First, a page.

The United States Olympic Committee (USOC) selected Boston to compete globally to host the 2024 Olympic Games on January 8, accepting a proposal put forward by dozens of local businessmen and politicians. John Fish ’82, chairman and CEO of Suffolk Construction, is chair of Boston 2024, the group working to bring the Olympics to Boston.

The announcement has provoked a great deal of debate. Although the bid has the backing of dozens of powerful political leaders, including Mayor Marty Walsh, a group called No Boston Olympics has begun organizing against the proposal, and the community is wary of using public funds to finance the Olympics.

In a phone call with the Orient, Fish said that debate over the future of the region, and how the Olympics might fit into that future, is itself productive. He realized the significance of such a debate when the idea of a Boston Olympic Games was first brought to him a few years ago.

“At that point in time I was thinking was this real or not real, and the more I got into it the more I realized that there was a lot of opportunity, even just at the conversation level—whether or not we were going to host the Olympics,” he said. “Having the conversation about the potential, it created a lot of the opportunity to think about where we want to be in, say, 2030.”

Hosting the Olympics would require major upgrades to Boston’s transportation infrastructure and the development of a multi-billion dollar Olympic Village. Several op-ed writers, recently published in The Boston Globe, are excited about these possible upgrades, dreaming of a transit ring around the edges of the city or the potential of the proposed Olympic Boulevard to connect the harbor, the South End and South Boston. Fish said he is glad that all of these ideas are part of the Olympic conversation.

“How do we think about upgrading the rail system to Worcester? How do we think about high-speed rail to Springfield? How do we think about expediting the South Coast Rail all the way down to Fall River and beyond?” he said. “You think about those conversations—that has noting to do with the Olympics. But what it all has to do with is where we want to be in the future.”

Fish has recused his construction company from bidding on Olympics-related projects.
“I don’t want people thinking that my pursuit of these Games has anything to do with any monetary improvements at my company or an improvement for me personally,” he said.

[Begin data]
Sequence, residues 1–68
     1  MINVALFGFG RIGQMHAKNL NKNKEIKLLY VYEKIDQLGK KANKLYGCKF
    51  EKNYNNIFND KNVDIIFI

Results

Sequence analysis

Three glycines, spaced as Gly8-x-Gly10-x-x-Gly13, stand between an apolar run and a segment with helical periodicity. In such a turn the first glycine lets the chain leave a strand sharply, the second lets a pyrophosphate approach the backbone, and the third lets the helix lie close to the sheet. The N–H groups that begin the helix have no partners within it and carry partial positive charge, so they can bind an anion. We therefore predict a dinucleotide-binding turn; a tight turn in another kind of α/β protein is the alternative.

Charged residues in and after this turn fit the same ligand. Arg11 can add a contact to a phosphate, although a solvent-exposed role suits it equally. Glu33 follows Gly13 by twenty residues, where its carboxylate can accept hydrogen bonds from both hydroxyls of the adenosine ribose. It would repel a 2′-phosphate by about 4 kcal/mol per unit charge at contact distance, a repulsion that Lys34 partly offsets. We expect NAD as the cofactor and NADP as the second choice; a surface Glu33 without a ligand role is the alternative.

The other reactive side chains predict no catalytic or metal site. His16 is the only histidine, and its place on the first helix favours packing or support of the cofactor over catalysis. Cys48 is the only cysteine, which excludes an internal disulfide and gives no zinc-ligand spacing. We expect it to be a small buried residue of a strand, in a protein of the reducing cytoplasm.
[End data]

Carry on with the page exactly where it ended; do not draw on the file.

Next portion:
No Boston Olympics argues that the public and private investment required for hosting the Games would be better spent in areas like education or health care. It also cautions that Massachusetts’ taxpayers would be on the hook for any costs that exceed the budget. There are already question marks in the initial budget, which includes $3.4 billion of funds that will come from unspecified “public/private partnerships.”

“Unfortunately the connotation with the Olympics is financial risk—high financial risk—and I think that comes as a backdrop of Sochi and Montreal and other Olympic Games,” said Fish about citizens’ budget concerns.

Fish noted that the last four Olympic Games hosted on U.S. soil were cash flow positive, and that the 2002 Winter Games positively transformed Salt Lake City. However, he said he is happy to hear dissenting opinions.

“Listening to their opinions and their ideas and their concerns is what the democratic process is all about,” Fish said. “That is the opportunity for us to learn, to listen, to respond.”

Not everyone agrees that Boston 2024’s process has been democratic, however. Joan Vennochi expressed concern in her January 22 Globe column that Fish could set Massachusetts’ agenda for the next decade or more without having ever won elected office.

Former gubernatorial candidate Evan Falchuk recently registered the People’s Vote Olympics Committee to promote a 2016 statewide ballot question about funding the Games, and other groups are considering putting questions on this fall’s municipal ballots in Boston and Cambridge. Boston City Councilor Josh Zakim proposed this week four non-binding Olympics-related ballot questions for his city’s ballot.

Fish did not say directly whether or not he supports a referendum. He said instead that Boston 2024 needs to continue telling its story and supporting it with facts.

If Boston wins the International Olympic Committee’s approval, there will be another set of questions to answer. One of them is who would light the torch at the opening ceremony, and almost a decade in advance, names are already swirling. Among them are Joan Benoit-Samuelson ’79, who won gold in the first ever women’s Olympic marathon in 1984. Benoit-Samuelson already has the support of one important individual.

“That’s the person I vote for,” Fish said. “I’m so proud to be a Polar Bear and nothing would make me more excited and proud than to watch Joan [Benoit-Samuelson] carry the Olympic torch into the Olympic Stadium.”